You want clients to keep coming in the door. (Or, in the age of the pandemic, contacting you remotely.) And you want to be able to cover your firm’s expenses — and have an income.
All those things are possible by determining appropriate rates for your firm.
Laying the foundation
Before you begin calculating your rates, there are a few things to keep in mind.
First, we want to debunk a common misconception: that you should calculate your rates based on those of local competitors’. The truncated explanation for this is that no two firms are alike. That may seem counter-intuitive, but each firm will create a different client experience.
In the same way you want to reflect that difference in your marketing, you want to show it in your pricing. That said, we’re not advocating completely ignoring other firms’ rates in your area. But they should give you a loose set of guidelines—not a full calculation.
The second thing to remember is that the American Bar Association has rules pertaining to client-lawyer relationships, including fees. Specifically, Rule 1.5 states that you can’t charge “unreasonable” fees or expenses.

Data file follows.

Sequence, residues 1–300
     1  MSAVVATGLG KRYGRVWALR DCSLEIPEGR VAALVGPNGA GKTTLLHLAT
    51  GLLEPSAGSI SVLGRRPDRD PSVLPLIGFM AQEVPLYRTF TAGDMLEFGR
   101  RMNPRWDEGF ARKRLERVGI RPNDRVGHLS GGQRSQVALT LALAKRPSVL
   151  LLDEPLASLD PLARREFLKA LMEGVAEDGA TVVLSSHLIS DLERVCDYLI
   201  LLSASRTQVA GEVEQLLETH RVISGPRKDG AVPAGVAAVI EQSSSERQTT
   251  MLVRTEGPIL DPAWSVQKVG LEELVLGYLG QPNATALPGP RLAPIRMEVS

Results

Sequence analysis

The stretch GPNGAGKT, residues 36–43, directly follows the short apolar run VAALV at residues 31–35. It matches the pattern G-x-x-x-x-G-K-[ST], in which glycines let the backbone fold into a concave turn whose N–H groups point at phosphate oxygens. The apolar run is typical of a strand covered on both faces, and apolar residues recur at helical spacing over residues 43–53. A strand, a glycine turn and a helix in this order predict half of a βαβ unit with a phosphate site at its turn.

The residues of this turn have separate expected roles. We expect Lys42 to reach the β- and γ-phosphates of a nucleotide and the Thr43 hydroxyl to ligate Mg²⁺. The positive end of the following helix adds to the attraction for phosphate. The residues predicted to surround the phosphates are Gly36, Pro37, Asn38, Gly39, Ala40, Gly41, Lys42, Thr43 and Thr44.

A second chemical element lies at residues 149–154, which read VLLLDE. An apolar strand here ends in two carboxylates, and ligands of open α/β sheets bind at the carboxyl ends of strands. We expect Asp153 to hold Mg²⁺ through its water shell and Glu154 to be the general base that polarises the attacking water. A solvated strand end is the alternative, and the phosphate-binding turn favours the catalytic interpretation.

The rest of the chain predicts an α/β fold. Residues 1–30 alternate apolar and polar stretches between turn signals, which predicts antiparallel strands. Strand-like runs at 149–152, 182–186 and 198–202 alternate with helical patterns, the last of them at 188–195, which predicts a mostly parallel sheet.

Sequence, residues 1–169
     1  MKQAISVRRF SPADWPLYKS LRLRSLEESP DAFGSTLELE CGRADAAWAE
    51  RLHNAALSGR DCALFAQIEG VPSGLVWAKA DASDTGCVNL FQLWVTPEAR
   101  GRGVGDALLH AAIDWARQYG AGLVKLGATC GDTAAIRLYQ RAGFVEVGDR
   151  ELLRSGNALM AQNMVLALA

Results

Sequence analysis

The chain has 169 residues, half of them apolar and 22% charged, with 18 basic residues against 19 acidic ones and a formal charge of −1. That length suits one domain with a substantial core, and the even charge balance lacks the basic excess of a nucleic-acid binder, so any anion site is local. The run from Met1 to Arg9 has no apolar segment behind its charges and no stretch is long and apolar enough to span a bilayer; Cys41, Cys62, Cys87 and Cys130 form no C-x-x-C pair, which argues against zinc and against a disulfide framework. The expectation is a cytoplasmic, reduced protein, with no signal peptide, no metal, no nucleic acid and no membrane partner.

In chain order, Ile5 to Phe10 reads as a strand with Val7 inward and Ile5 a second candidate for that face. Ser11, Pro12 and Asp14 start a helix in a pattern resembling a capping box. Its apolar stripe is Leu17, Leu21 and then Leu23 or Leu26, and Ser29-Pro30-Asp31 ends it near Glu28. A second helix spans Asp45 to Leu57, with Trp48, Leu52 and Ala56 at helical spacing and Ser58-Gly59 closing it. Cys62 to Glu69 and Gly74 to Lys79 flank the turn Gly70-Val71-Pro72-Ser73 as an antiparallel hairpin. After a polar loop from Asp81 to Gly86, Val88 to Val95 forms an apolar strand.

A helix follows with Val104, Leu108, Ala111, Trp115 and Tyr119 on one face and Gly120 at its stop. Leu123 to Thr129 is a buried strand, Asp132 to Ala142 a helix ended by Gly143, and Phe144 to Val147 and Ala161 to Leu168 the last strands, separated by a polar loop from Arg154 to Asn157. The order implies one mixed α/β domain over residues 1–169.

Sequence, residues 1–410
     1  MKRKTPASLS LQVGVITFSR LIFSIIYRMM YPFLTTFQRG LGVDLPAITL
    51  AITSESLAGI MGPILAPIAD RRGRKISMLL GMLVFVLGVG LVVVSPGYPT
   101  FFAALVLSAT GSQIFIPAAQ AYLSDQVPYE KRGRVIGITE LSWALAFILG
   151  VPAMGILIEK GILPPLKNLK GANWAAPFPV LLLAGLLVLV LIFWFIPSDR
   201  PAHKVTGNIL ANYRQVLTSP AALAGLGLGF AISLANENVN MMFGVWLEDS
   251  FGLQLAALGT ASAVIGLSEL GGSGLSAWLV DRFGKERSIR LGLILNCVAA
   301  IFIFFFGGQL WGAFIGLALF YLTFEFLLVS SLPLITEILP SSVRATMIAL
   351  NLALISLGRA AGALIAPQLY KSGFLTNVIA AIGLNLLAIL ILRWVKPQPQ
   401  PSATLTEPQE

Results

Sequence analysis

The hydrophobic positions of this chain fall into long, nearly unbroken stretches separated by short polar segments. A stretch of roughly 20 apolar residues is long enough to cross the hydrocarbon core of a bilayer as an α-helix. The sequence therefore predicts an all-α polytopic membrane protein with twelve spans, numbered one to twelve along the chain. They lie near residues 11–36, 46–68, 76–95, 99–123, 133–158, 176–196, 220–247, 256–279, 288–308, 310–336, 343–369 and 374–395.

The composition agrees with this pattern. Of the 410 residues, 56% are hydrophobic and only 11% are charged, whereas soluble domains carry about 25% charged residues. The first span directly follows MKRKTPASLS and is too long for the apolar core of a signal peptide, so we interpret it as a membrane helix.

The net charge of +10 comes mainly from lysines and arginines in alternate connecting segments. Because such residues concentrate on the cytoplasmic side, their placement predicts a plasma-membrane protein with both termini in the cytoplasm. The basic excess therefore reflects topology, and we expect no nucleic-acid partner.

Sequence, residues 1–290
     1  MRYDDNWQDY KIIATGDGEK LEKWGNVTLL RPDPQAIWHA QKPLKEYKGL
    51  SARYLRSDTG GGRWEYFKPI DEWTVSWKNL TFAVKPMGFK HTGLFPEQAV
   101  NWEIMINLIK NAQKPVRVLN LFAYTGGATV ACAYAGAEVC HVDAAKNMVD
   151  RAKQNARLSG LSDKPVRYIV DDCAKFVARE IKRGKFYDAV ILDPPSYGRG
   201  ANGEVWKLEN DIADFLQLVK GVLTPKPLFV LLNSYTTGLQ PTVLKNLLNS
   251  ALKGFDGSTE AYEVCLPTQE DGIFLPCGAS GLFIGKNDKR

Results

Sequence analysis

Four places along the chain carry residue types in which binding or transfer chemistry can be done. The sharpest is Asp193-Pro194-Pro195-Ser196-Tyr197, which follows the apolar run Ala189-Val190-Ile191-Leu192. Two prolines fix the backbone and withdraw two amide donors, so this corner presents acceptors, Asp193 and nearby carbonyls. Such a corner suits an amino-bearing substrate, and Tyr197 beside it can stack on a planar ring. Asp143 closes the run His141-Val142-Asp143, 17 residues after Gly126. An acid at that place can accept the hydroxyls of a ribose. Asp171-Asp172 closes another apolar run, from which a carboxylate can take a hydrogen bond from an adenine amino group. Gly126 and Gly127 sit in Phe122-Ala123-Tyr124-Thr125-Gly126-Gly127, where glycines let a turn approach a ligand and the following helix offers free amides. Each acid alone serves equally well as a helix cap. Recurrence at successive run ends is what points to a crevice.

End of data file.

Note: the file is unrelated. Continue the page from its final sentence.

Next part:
What to consider when calculating rates
What is the value of the services — in terms of end results and the experience — that you provide for your clients?
The answer to this question may seem elusive, but you can find it through a brief (let us repeat: brief!) client satisfaction questionnaire after you’ve wrapped up a case or matter for a client. While we’re all protective of our time, most people won’t mind answering a few questions, especially if they don’t have to type an essay for each one.
In fact, conducting client satisfaction questionnaires is always a good idea — whether you’re trying to calculate firm rates or not. And using your clients’ feedback can guide you in making adjustments on the client-experience end that can up the value of your services.
You’ll also want to look at your firm’s budget, business expenses and overhead, how many work hours your team will put in during the year, how much you’d like to make — and yes, the rates that other firms in your practice area and locality are charging.
Finding suitable rates for your firm requires some tinkering. And you may need to tinker further to adjust for discounts, referrals, and other situations that make the business world go round. But through client feedback and a good billing and accounting system, you’re well on your way to charging rates that will keep clients reaching out.
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